Some people reported feeling a "heat wave" during a criticality event. It is not known, however, whether this may be a psychosomatic reaction to the terrifying realization of what has just occurred, or if it is actually a physical effect of heating (or nonthermal stimulation of heat sensing nerves in the skin) due to energy emitted by the criticality event. For instance, while the accident which occurred to Louis Slotin (a yield excursion of around 3×1015 fissions) would have only deposited enough energy in the skin to raise its temperature by fractions of a degree, the energy instantly deposited in the plutonium sphere would have been around 80 kJ; sufficient to raise a 6.2 kg sphere of plutonium by around 100°C (specific heat of Pu being 0.13 J·g−1·K−1). The metal would therefore have reached sufficient temperature to have been detected a very short distance away by its emitted thermal radiation. This explanation thus appears inadequate as an explanation for the thermal effects described by victims of criticality accidents, since people standing several feet away from the sphere also reported feeling the heat. It is also possible that the sensation of heat is simply caused by the nonthermal damage done to tissue on the cellular level by the ionization and production of free radicals caused by exposure to intense ionizing radiation.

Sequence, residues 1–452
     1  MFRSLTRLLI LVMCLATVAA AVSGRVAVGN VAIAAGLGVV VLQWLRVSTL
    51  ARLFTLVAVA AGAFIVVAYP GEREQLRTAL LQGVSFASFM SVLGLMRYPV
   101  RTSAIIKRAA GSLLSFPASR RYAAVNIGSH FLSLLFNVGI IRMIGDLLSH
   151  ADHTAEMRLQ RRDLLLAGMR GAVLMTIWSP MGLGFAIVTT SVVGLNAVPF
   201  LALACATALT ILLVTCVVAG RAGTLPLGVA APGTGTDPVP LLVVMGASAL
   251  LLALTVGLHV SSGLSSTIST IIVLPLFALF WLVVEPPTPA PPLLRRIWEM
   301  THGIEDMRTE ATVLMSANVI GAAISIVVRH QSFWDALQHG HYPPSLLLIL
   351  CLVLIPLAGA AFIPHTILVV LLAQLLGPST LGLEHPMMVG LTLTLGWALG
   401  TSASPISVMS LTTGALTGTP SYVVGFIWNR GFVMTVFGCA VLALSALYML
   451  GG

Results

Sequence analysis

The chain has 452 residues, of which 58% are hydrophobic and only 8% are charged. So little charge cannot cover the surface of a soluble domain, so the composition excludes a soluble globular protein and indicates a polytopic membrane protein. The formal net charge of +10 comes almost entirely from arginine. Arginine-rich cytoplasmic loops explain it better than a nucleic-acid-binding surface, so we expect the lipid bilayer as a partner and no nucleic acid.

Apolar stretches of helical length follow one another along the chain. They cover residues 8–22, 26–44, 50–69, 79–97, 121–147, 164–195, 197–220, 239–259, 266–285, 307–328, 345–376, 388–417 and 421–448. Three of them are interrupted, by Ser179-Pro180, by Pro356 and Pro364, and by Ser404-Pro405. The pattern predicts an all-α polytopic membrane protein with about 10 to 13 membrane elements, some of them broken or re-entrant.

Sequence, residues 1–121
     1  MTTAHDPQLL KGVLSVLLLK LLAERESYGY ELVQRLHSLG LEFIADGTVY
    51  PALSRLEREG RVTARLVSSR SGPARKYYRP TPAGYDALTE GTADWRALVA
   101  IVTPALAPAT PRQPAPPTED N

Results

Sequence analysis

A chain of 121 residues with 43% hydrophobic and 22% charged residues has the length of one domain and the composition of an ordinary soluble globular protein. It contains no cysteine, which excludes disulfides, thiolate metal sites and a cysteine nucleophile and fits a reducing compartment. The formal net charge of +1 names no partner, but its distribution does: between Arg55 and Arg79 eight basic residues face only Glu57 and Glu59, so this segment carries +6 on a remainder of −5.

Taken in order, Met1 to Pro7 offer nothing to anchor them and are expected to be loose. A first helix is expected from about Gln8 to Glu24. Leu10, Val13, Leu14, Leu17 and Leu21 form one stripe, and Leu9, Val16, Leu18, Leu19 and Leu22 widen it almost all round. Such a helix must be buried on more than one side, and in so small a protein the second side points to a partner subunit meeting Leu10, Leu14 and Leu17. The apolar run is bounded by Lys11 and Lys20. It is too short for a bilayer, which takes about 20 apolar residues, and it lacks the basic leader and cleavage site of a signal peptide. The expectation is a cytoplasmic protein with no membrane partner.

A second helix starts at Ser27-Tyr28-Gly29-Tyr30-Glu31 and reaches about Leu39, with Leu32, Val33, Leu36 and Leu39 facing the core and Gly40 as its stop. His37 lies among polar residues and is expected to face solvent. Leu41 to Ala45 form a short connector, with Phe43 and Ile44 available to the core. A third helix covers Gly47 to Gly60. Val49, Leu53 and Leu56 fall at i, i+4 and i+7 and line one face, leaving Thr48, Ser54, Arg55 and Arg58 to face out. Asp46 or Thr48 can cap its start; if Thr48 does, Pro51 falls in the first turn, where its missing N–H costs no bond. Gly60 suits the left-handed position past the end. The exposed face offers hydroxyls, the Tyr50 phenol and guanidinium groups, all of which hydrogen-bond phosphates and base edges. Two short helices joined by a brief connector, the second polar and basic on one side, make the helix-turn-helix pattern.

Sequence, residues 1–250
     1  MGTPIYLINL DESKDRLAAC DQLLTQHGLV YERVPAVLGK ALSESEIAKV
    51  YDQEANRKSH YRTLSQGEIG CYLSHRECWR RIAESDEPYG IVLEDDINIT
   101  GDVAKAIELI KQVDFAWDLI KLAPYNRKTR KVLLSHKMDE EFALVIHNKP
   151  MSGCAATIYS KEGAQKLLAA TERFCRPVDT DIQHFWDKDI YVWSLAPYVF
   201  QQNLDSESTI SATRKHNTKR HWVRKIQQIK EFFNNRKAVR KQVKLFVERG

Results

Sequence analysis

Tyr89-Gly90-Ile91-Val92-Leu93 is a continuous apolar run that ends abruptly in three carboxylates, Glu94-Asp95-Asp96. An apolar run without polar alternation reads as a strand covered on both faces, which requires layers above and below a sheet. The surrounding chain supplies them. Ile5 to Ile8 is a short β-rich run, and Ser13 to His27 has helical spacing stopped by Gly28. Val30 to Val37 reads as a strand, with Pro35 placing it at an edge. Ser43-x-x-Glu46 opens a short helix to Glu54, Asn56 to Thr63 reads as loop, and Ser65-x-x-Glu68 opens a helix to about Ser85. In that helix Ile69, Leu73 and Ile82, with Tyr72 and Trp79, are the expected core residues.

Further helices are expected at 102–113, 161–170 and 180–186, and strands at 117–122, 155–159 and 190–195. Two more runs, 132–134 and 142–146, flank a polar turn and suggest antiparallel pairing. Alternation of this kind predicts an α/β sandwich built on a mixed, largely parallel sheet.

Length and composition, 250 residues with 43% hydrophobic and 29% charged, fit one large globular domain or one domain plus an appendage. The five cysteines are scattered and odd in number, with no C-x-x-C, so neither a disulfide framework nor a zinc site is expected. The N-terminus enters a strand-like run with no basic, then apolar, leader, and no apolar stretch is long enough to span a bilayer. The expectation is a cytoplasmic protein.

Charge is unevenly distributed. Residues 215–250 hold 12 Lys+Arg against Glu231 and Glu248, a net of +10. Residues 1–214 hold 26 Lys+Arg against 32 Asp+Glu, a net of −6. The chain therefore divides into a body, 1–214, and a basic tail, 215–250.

An alternative explanation of the heat wave observations can be derived from the discussions above regarding the blue glow phenomenon. A review of all of the criticality accidents with eyewitness accounts indicates that the heat waves were only observed when the fluorescent blue glow (the non-Cherenkov light, see above) was also observed. This would suggest a possible relationship between the two, and indeed, one can be readily identified. When all of the emission lines from nitrogen and oxygen are tabulated and corrected for relative yield in dense air, one finds that over 30% of the emissions are in the ultraviolet range, and about 45% are in the infrared range. Only about 25% are in the visible range. Since the skin feels infrared light directly as heat, and ultraviolet light is a cause of sunburn, it is likely that this phenomenon can explain the heat wave observations.
Motion pictures and television